This unprecedented historic moment compels a deep rethinking of revolutionary ideas, and can illuminate Marx’s Marxism in new ways that can help develop needed solidarity.


As Karl Marx wrote in 1844,

“a social revolution is found to have the point of view of the whole because—even if it were to occur in only one factory district—it represents man’s protest against a dehumanized life, because it starts out from the point of view of a separate real individual, because the community, against the separation of which from himself the individual reacts, is man’s true community, human nature.”

We can see in Syria’s revolutionary humanism what the young Marx of 1843-44 saw in the revolutionary struggles of his day, and which made Hegel’s revolution in philosophy so alive to him that he translated its driving principle, the negation of the negation, as “revolution in permanence.” It is the subjective drive toward freedom becoming so concrete that it finds its natural expression as humanism, what Gramsci called “the absolute humanism of history.” When Marx wrote in 1844, “the individual is the social being,” he was stating that revolution involves a dialectical relationship toward social life in its entirety.

In his 1844 “Draft Plan for a Work on the Modern State,” Marx makes his concept of revolution in permanence the standard for defining the truth of modern democracy, obscured by bourgeois politics. He begins by posing “The history of the origin of the modern state or the French Revolution.” The endpoint he foresees is “Suffrage, the fight for the abolition of the state and of bourgeois society.” The gist of his critique of Hegel, then, is in overcoming the fetish of the state as mediator of social contradiction.

It prefigures Marx’s later singling out of the Paris Commune as the non-state form through which freely associated human beings could strip the fetishism from the commodity form and create a new society in which the free human development of each would be the free development of all. (See “Karl Marx’s ground for organization,” Sept.-Oct 2014 News & Letters and Dunayevskaya’s “1953 letters on Hegel’s Absolutes.”)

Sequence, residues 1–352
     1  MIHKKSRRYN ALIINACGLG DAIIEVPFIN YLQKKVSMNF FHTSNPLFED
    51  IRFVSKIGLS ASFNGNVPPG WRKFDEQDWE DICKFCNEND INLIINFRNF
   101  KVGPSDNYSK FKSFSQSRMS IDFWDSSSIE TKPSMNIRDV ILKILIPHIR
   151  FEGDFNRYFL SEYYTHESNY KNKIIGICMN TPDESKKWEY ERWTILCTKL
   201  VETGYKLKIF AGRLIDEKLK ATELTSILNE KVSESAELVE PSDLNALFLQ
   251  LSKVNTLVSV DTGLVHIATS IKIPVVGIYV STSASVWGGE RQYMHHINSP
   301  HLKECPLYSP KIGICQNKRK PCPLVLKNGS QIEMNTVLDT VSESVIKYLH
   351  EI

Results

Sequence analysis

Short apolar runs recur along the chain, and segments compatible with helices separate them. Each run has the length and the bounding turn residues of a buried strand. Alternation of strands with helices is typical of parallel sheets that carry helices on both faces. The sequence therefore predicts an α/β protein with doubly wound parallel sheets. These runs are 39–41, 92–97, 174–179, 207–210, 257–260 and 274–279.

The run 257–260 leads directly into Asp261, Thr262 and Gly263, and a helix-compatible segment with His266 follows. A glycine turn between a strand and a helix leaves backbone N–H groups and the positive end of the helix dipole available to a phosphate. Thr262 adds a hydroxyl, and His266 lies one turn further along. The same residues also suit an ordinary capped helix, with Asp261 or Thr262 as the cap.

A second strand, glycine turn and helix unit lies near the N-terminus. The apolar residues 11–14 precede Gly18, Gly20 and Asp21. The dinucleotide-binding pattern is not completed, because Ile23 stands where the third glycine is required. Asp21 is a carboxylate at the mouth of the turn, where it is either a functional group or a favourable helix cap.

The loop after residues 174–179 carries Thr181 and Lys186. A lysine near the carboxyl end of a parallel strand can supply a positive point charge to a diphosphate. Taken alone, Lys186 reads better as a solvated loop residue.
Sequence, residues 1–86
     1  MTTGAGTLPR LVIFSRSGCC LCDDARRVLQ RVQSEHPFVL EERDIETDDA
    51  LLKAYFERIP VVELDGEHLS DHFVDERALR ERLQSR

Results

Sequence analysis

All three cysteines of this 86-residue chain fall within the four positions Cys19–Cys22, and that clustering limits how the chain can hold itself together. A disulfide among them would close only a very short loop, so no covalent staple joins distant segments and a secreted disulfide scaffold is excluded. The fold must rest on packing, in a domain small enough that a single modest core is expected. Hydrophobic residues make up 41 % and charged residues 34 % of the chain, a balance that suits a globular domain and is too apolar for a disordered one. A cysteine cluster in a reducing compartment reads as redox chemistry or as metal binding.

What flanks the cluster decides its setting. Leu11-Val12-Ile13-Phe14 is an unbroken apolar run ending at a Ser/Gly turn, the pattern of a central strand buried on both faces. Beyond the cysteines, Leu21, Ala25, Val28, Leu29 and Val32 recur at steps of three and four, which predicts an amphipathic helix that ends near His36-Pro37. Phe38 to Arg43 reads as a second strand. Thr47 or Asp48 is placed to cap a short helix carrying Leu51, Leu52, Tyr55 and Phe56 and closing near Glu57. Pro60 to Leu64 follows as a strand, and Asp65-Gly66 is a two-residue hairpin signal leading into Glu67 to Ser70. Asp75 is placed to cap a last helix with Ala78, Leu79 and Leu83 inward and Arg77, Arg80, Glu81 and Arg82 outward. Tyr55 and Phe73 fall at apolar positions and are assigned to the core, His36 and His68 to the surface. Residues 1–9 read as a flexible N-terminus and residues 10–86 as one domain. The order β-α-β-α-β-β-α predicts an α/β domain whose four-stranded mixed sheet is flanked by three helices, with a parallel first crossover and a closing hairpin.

Today, the failure of the bourgeois state to “manage” the perpetual crisis of capitalist society is clear. From Putin’s Russia to the Tea Party-ridden U.S., Saudi Arabia, Iran and Israel, what is offered is exploitation, discrimination, degradation, misery and war. What these state powers have created in Syria—have consciously chosen as the alternative to the overthrow of Assad, their long-time tool, their “stabilizing” force—has given a new lease on life to al-Qaeda and other forces that were marginalized by the Arab Spring uprisings. It has bolstered reaction everywhere.

The need for a revolutionary alternative couldn’t be clearer.


“Even if the Syrian Revolution fails, what will keep it forever a source of courage, hope and faith for mankind is the body of thought, the legacy of consciousness, awareness and sensibility that it has engendered and will generate.”
Alisar Iram, Syrian poet and artist

“The Syrian tragedy embodies the most extreme of human destinies in terms of torture, horror, death, diaspora, rupture, exile, anger, hatred and betrayal, the limitations of mankind and its greatness, crime and sacrifice. For that reason, we have been given an opportunity to reflect upon the fate of that entity called Syria and the fate of humanity in general. It is imperative that we turn this into a practical project today.”
Yassin al-Haj Saleh, Syrian Marxist writer

Yassin al-Haj Saleh has pointed out the connection between the Assad regime’s genocide, with the world’s non-response to it, and the genocidal tendency inherent in the so-called primitive accumulation of capital as described by the mature Marx:

“It is not in concepts like tyranny, despotism or even totalitarianism that we find an explanatory model for the Assad regime. But rather in the concept of colonialism, and its most brutal models in particular. Models based on genocide as it manifested itself in the ‘New World’ hundreds of years ago and in Russia between the two world wars.”

This analysis covers various neo-Stalinist and neo-fascist intellectuals and organizations that have lent their support to Assad. But it also covers those who simply can’t grasp the concept of revolution itself, the idea that masses in motion toward freedom can themselves embody historic reason.

Saleh further perceives this drive at work among the religious nihilists of the IS: